Peter Kafka

Recent Posts by Peter Kafka

Bombs Away! Web Ads Miss Their Target, All the Time.

Everyone knows that half of all advertising dollars are wasted. And everyone knows that the Internet fixes that, because digital advertisers can spend money getting their messages to the people they want to reach.

Except that’s not true at all: The Web offers advertisers a slew of creepily effective targeting mechanisms, but they only work for some stuff, some of the time. An ad on the Web may do a better job of reaching its audience than, say, a magazine ad. But that doesn’t mean it does a good job.

Example: Here’s data from Nielsen, via Bernstein analyst Carlos Kirjner, which tracks the accuracy of a recent ad campaign by “a manufacturer of women’s personal care products.” It was supposed to target women between the ages of 25 and 54. But most often it didn’t — the most accurate publisher got the ads in front of the right people 40 percent of the time. Overall, the campaign only hit the target 25 percent of the time. And nearly half the time — 47 percent — the ads got served to men.

Kirjner uses the anecdote to bolster his bullish case for Facebook, which he thinks can do a much better job of targeting than regular sites can, because it knows so much more about its 800 million-plus users.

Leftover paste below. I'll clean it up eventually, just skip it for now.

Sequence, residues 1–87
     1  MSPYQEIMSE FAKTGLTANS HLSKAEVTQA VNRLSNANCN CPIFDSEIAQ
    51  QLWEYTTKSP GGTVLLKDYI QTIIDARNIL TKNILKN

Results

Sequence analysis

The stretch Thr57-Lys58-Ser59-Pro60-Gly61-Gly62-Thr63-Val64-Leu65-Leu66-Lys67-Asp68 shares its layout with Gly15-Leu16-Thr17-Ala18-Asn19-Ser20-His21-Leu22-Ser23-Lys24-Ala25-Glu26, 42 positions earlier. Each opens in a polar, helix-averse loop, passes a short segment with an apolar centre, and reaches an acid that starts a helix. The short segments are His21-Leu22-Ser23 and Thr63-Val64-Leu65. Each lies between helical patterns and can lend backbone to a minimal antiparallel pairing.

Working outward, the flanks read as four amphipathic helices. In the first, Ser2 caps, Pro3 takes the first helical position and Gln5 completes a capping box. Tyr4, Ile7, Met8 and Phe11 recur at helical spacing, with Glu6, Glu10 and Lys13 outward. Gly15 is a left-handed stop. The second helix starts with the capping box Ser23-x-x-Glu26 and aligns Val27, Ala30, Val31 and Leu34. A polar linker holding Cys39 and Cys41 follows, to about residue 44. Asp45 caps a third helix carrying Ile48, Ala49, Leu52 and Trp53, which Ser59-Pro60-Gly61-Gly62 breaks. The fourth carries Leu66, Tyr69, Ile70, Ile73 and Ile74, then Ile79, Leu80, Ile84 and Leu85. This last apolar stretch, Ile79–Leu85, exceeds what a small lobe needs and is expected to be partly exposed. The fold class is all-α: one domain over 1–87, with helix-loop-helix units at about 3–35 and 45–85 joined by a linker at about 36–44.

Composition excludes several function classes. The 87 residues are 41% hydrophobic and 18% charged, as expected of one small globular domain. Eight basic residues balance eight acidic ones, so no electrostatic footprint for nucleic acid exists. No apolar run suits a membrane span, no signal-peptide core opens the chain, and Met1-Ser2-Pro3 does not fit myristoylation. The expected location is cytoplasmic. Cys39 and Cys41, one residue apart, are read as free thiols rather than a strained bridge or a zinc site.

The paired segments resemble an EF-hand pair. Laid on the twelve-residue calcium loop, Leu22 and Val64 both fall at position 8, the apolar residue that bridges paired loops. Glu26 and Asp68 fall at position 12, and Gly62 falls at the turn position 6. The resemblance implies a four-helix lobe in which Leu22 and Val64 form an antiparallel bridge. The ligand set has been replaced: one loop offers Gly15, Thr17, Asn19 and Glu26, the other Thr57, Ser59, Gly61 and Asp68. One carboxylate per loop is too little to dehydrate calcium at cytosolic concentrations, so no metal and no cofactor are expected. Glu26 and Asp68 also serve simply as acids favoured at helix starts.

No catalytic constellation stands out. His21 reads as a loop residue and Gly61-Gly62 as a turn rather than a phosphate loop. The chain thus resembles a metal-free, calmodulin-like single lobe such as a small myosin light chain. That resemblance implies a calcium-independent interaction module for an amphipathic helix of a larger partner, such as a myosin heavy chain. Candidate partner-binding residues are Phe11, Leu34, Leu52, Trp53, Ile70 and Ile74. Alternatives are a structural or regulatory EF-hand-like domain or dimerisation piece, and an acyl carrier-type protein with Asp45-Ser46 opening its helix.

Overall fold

Maybe. I’ve noticed that Facebook has stopped sending me ads that offer to get me a job at the CIA, or to meet Christian singles in my area, so that’s good. Right now, it’s showing me a banner for the McDonald’s Angus Deluxe, which is more accurate, since I do like food. But not that food.

The Web’s sorta-close, sorta-not targeting problem hasn’t hampered Google, obviously. But that’s because Google’s search ads respond directly to your input and your intent. Now, Facebook, Google and everyone else are going after the branded ads that dominate TV, where the really big money lives. And if they want to get bigger bites of that, they’re going to have to get more accurate.


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I think the NSA has a job to do and we need the NSA. But as (physicist) Robert Oppenheimer said, “When you see something that is technically sweet, you go ahead and do it and argue about what to do about it only after you’ve had your technical success. That is the way it was with the atomic bomb.”

— Phil Zimmerman, PGP inventor and Silent Circle co-founder, in an interview with Om Malik